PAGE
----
Despite its ambiguous symptoms, ME affects people of all ages and from all backgrounds. The disease affects approximately one million people in the United States, and it is more common in women than in men. People of all ages and from all social backgrounds are susceptible to ME, as are adolescents and young children. However, the true prevalence of ME is unknown, since most medical providers do not recognize it. Nonetheless, the number of individuals who suffer from ME is on the rise.
The Institute of Medicine of the US recently recommended that ME and CFS be given new names and a clinical definition for SEID. Although the proposals have been met with generally positive reviews in medical journals, Jason et al. (2015) have conducted a more critical analysis of the proposed names. The majority of UK residents have rejected the proposed new names for ME, however. While the new names are not yet accepted by the medical community, the UK government has said it will continue to fund research into the disease until more definitive research is available.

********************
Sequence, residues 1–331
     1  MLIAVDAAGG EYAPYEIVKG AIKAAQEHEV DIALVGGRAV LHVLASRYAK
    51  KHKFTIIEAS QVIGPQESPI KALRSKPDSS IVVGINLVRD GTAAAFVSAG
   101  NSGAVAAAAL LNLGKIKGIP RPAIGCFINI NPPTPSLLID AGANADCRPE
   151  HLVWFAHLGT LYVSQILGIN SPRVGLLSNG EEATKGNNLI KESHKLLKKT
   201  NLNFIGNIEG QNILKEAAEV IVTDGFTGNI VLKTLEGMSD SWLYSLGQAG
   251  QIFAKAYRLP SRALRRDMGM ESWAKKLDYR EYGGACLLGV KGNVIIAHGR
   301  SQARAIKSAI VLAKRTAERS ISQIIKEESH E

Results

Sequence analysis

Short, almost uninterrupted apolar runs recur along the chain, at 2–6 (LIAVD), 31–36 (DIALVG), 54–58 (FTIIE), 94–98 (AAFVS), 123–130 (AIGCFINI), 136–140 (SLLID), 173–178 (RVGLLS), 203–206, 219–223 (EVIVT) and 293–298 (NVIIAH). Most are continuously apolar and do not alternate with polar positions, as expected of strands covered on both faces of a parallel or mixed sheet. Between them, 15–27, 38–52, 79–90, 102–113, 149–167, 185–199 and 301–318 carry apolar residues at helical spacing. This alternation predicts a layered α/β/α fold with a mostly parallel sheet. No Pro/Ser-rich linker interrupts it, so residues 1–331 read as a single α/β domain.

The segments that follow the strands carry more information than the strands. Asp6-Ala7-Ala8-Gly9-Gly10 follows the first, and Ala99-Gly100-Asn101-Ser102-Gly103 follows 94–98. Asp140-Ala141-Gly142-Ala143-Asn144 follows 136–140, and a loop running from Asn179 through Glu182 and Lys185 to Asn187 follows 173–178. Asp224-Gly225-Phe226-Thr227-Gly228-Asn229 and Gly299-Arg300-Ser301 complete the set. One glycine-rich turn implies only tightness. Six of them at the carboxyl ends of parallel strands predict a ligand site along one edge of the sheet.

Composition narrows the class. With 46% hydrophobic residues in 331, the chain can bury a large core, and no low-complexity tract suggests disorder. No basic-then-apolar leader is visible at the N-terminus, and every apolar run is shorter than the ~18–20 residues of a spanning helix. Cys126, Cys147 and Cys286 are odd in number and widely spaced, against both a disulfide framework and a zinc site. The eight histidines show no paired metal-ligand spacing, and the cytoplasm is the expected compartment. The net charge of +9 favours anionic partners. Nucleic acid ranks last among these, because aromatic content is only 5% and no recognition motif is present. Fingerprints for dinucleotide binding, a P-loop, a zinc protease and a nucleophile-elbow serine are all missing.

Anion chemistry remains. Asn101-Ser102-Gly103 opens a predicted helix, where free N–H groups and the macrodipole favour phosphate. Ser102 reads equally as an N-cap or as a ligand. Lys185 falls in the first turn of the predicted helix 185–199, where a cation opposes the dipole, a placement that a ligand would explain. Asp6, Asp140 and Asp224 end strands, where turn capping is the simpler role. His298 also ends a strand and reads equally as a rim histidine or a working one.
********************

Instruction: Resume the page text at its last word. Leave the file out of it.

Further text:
The symptoms of ME can affect a person’s ability to work. The disease is often accompanied by severe fatigue. While doctors don’t know the cause of ME, they can prescribe medication that helps alleviate the symptoms. A ME-specific diet, which includes high-fiber foods, can improve energy levels and reduce the likelihood of further complications. ME-related illnesses include chronic fatigue syndrome (CFS) and post-traumatic stress disorder (PTSD).
Although there is no specific cause for ME/CFS, a person can develop the disorder after an illness, and in some cases, this condition occurs gradually over months or even years. Although there are no biomarkers for the condition, researchers have found numerous biological abnormalities in individuals with the disease. These include altered immune system function and changes in gut bacteria. In addition to the above-mentioned symptoms, patients with ME/CFS may experience pain on touch, joint pain, and abdominal discomfort.
Despite the many symptoms of ME/CFS, many people still do not know they have it. The disease affects people of all ages, with the youngest cases occurring in infants and children under seven years of age. In adults, onset is most common between the early twenties and mid-40s. Those suffering from ME/CFS are more likely to have symptoms of fatigue than younger patients. In addition to age, females are more likely to develop ME than men.